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notice to them of the application. This motion must be denied. The procedure follows the usual practice in this court, and the service of the alternative writ was sufficient notice of the application for a permanent writ. [2, 3] The real question to be here determined is whether or not section 830, Rem. Comp. Stat. is applicable. The section reads:

“The court may relieve a tenant against a forfeiture of a lease and restore him to his former estate, as in other cases provided by law, where application for such relief is made within thirty days after the forfeiture is declared by the judgment of the court, as provided in this chapter. The application may be made by a tenant or subtenant, or a mortgagee of the term, or any person interested in the continuance of the term. It must be made upon petition, setting forth the facts upon which the relief is sought, and be verified by the applicant. Notice of the application, with a copy of the petition, must be served on the plaintiff in the judgment, who may appear and contest the application. In no case shall the application be granted except on condition that full payment of rent due, or full performance of conditions of covenants stipulated, so far as the same is practicable, be first made.”

This section is a part of the act on forcible entry and detainer, and by its terms is applicable only in cases where the forfeiture of a lease is declared by the judgment of a court entered in a forcible entry and detained action. The action of Robertson v. Waterman was purely and solely an action for datnages. The question of the forfeiture of the lease or tenancy was not in issue, and the judgment directed by this court was one for nominal damages only, and when the superior court attempted by its judgment to direct the forfeiture of the lease and tenancy, it acted in excess of its authority and attempted to do that which this court did not authorize it to do ; hence the judgment to that extent was a nullity. But whether so or not, the statute which we have already quoted can have no application to any other than an action in forcible entry and detainer, and the superior court was without jurisdiction to proceed thereunder.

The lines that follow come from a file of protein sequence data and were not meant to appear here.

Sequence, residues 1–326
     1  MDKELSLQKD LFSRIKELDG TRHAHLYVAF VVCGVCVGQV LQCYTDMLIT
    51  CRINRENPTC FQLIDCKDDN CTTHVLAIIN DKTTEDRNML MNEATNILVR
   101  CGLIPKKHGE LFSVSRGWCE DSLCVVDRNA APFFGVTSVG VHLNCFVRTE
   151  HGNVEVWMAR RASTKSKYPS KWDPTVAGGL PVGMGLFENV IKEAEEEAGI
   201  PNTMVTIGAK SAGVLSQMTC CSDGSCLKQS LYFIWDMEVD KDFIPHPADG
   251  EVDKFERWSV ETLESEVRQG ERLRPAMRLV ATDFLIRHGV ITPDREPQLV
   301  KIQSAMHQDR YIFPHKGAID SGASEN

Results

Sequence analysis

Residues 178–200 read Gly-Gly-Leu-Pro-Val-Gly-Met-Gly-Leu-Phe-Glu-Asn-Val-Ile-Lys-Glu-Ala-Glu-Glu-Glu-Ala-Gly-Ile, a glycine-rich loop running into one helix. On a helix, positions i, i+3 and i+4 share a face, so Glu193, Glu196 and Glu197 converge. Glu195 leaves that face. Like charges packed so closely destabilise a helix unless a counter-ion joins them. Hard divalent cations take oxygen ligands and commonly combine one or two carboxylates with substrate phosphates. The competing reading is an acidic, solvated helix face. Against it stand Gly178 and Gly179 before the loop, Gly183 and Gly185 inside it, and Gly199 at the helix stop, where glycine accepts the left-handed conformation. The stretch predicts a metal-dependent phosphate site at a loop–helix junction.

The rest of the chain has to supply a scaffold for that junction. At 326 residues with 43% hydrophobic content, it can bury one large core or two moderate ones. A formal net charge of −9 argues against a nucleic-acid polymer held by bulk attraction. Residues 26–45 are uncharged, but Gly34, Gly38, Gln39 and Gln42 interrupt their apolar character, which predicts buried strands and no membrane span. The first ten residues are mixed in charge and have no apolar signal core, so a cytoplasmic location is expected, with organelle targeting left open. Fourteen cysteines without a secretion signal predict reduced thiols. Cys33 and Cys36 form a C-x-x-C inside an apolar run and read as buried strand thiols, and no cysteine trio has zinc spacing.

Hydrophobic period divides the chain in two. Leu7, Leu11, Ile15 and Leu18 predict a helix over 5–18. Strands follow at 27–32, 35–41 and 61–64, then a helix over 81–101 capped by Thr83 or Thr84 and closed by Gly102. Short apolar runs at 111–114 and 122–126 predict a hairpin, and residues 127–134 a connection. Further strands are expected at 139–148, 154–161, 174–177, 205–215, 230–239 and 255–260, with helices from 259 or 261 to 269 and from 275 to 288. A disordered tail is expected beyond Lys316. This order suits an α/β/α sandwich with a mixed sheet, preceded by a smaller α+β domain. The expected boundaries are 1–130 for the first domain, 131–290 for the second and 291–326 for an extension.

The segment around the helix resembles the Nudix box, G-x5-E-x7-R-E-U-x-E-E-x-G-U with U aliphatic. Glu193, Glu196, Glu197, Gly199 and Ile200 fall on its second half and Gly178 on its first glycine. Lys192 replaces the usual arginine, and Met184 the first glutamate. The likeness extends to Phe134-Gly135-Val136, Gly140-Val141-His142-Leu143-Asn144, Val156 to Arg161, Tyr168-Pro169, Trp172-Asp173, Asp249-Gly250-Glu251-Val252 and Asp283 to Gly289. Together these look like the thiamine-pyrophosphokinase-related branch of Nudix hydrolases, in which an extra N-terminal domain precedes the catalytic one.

[4, 5] Some contention is made that relator has an adequate remedy by appeal, or should have sought relief by writ of review. Since the superior court was without jurisdiction to proceed, there seems no good reason why relator should be put to the expense, trouble, and delay of defending against the petition in the superior court and appealing from a final judgment; nor would a writ of review be any more adequate to raise the question of jurisdiction than the means employed. The office of a writ of prohibition is to prohibit an inferior tribunal from proceeding in excess of its jurisdiction which it was here

attempting to do, and therefore the permanent writ will issue.

MAIN, C. J., and PARKER, MITCHELL, and PEMBERTON, J.J., concur.

BARR v. COWLITZ COUNTY. (No. 18122.)

(Supreme Court of Washington. Oct. 30, 1923.)

1. Bridges 6-10(1)–Acquisition by county with city, of bridge within city limits, was not illegal, in so far as county's contribution of funds toward purchase price was concerned. Where a county, under Rem. Comp. Stat. § 6516 (Laws 1901, p. 120, as amended by Laws 1909, p. 229), authorizing a county to join with a city in paying for the construction of a bridge, joined with a city in the acquisition of a bridge wholly within the city limits, such acquisition was not illegal in so far as the county's contribution of funds toward the purchase price of the bridge was concerned.

2. Bridges 3-29—Statute authorizes cities and counties jointly to acquire, maintain, and control bridges, as well as jointly to contribute toward purchase. By Rem. Comp. Stat. §§ 6524–6539 (Laws 1913, p. 168), and particularly sections 6524, 6585, the Legislature conferred upon cities and counties joint power, not only to contribute funds toward the acquisition of a bridge wholly within the limits of a city, but also the power jointly to control, operate, and maintain them.

3. Bridges 6-37—Liability of county or munieipality for injuries resulting from negligent maintenance of bridge not affected by irregularity in acquiring it. The regularity of a county's or municipality's acquisition or maintenance of a bridge does not affect the county's or municipality's liability for injuries resulting from the negligent maintenance of such bridge.

4. Bridges 6-39(I)-County's physical maintenance and control of bridge in city limits as part of public highway held sufficient basis for liability for injury resulting from: its collapse. Conceding that a county's acquisition, under Rem. Comp. Stat. § 6516 (Laws 1901, p. 120, as amended by Laws 1909, p. 229), of a bridge within the limits of a city, and its subsequent reconstruction and maintenance under that statute was irregular and its power to do those things doubtful, the county nevertheless had such power after the passage of Rem. Comp. Stat. §§ 6524–6539 (Laws 1913, p. 168), and where, from the time of the physical acquisition of the bridge in 1909, the county physically maintained and controlled it as a part of the public highway up to its collapse in 1923, that was enough to render it liable for injuries arising from the collapse, notwithstanding sections 4056, 6413–6416, 6521, 9127.